Regretfully, after nearly a year of negotiations between the city of Monterey and Sam Balesteri, who has had a master lease for the Wharf Gift Shop, Coffee Shop, and Paluca’s Trattoria for 50 years, it has become clear that an agreement cannot be reached. This was heartbreaking to me. I know and like Mr. Balesteri’s sons, and the last thing I wanted was this outcome for these wharf businesses.
But my responsibility is to do what is best for the city. The City Council has great respect for the history and heritage of the wharf, and much of that history and heritage is a direct contribution of the tenants. Because of this respect, the city chose to negotiate first with existing tenants rather than market the property competitively.
Second, we offered terms that gradually ramped up rents to move the lease terms toward market rate over a period of years, making it easier for the businesses to make adjustments. The city also made other concessions to try to find a way to extend the Baluster lease. But the council has a responsibility to manage our resources wisely, to treat everyone fairly, and to ensure taxpayers are not subsidizing businesses.
People need to know that the decision to evict these businesses was not a careless one; it came after 11 months of fair negotiations and after several hours of discussion by council and staff. On several occasions the city made concessions during negotiations and on several occasions we thought Mr. Balesteri was ready to sign a lease renewal. Each time he came back seeking more concessions from the public. In the end it became apparent that he wanted a deal similar to the 50-year ground lease that expired two years ago.
I am not permitted to tell you what he has been paying the city for monthly rent—only he can—because it would let competitors know his revenue, which is considered “proprietary” information. Before people decide if the city is being unfair they should ask to see what monthly rent is being paid and then look into what other businesses pay. What I can say is that the proposed terms were still below market rent as compared to what other businesses in town pay. Moreover, the city offered terms of more than ten years so the rumors you may be hearing to the contrary are simply not true.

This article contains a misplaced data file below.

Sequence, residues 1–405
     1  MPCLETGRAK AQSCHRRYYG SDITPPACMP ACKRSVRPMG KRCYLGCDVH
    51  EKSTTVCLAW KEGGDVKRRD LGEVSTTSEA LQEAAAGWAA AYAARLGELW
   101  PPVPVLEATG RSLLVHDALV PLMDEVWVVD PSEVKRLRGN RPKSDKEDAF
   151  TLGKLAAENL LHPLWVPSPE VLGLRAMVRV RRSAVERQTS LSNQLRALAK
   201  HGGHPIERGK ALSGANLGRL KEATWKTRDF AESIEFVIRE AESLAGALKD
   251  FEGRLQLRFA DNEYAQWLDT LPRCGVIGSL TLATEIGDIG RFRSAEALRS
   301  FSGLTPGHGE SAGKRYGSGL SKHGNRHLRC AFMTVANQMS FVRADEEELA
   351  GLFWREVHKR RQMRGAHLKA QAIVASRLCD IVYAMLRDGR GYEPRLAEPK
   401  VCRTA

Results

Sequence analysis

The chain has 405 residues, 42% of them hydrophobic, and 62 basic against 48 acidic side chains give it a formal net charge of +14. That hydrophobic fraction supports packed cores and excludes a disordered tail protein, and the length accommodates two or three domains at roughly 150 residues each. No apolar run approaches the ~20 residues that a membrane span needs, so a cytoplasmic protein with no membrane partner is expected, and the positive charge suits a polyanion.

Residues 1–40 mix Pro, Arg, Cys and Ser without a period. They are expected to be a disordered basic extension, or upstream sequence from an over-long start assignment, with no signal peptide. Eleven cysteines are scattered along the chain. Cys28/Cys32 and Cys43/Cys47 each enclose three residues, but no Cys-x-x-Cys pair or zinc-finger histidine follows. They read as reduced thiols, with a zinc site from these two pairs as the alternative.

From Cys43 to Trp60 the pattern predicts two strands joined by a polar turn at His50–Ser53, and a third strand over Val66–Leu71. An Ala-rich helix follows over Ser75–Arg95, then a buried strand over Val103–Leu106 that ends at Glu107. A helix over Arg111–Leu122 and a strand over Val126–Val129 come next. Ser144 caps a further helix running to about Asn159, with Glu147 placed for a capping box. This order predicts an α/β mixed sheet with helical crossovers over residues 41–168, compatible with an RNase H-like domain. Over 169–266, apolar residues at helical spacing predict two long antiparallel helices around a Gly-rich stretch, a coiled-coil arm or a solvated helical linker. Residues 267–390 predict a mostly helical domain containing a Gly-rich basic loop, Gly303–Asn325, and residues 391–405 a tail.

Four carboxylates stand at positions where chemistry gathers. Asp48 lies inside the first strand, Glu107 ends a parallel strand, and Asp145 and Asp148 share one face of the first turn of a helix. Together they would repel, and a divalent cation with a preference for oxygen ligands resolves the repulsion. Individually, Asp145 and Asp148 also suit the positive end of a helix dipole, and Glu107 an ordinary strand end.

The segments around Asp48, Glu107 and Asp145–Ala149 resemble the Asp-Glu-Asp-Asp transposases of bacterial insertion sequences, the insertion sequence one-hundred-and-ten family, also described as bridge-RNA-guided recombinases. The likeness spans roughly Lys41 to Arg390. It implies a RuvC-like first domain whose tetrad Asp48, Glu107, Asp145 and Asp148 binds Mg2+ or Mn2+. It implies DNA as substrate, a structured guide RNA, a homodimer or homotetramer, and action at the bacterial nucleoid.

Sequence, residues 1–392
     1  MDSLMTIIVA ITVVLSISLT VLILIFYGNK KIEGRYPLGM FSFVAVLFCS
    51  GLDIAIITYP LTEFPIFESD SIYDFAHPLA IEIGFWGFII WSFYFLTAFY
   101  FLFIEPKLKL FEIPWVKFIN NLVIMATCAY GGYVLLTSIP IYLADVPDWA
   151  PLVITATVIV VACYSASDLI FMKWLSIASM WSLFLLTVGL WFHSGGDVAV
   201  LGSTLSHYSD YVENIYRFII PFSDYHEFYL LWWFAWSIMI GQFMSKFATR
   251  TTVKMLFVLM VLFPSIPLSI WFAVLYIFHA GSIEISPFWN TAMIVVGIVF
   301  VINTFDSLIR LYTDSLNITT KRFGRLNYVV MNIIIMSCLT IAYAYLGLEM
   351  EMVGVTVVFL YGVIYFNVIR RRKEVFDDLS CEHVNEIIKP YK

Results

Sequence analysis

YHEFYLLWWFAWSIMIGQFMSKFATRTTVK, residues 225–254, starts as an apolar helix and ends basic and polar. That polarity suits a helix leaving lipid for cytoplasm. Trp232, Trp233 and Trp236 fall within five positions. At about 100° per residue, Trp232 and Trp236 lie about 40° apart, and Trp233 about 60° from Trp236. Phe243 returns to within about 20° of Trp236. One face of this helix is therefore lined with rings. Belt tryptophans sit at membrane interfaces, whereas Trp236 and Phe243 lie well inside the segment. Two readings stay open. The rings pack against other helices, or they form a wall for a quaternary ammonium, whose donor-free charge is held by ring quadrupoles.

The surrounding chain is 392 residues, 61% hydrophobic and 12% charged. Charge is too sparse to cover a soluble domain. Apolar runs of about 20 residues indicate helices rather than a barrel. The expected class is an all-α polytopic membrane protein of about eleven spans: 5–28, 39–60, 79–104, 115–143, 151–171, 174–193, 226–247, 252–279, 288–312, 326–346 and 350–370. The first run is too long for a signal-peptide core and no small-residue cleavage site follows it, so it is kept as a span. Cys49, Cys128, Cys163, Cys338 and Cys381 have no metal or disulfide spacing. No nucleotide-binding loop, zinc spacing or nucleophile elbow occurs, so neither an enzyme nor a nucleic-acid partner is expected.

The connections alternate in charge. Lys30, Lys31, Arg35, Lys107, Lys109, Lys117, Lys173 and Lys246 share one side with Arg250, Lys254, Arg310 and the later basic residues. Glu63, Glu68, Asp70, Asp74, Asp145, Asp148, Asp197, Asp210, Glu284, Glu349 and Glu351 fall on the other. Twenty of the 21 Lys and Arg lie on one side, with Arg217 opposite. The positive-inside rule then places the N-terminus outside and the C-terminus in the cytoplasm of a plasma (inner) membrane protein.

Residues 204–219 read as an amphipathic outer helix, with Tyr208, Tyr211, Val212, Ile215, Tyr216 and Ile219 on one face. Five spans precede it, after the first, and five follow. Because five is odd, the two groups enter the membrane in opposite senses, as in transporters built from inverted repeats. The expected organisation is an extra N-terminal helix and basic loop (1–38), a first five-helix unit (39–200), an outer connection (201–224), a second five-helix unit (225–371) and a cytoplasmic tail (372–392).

If you think the city was asking for something unreasonable, then why would Mr. Balesteri’s sub-tenant, who owns and runs the restaurant, Paluca Trattoria, sign a lease directly with the city on terms comparable to what was offered Mr. Balesteri? He has been able to run a successful business for years paying Mr. Balesteri market rent; why is it a hardship for Mr. Balesteri, who has enjoyed favorable terms for 50 years, to pay rent comparable to other businesses?
The city took so much time and was willing to compromise so much because we truly wanted to keep Mr. Balesteri there on the wharf. We appreciate who he is and what he has done. The city’s approach is to negotiate first with current tenants and seek market rate terms as their leases expire. If that fails, then we will market the properties and again give first priority to local and independently owned businesses. False claims from wharf business owners that the city has plans to replace local businesses with national chains like Hooters, McDonalds, and Red Lobster are false and misleading. I personally inserted a motion into our leasing policy that expressly allows the council to give preference in leasing to local business and that is what we have been doing.
My core principles tell me that the public should not be subsidizing private business, however nice the owner of the private business may be. Due to the limitations of the leases negotiated decades ago, the city has used some General Fund money to pay for maintenance and improvements in our Tidelands area, which should be funded by Tideland’s commercial leases. Additional revenue from the commercial leases will enable the city to make the wharves more attractive, clean, safe and enjoyable.
EDITOR’S NOTE: Libby Downey contributed to this article. She and Haffa are members of the Monterey City Council and have been leaders of the effort to reform the city’s leasing practices. Some of the Monterey wharf tenants, led by restaurant owner Chris Shake, have been conducting a vigorous disinformation campaign via petitions and social media in an attempt maintain deeply discounted rental rates by putting political pressure on the City Council. The group contends, with zero evidence, that the city wants to drive out local operators in favor of chains and, contrary to reality, that the city won’t allow new leases beyond 10 years.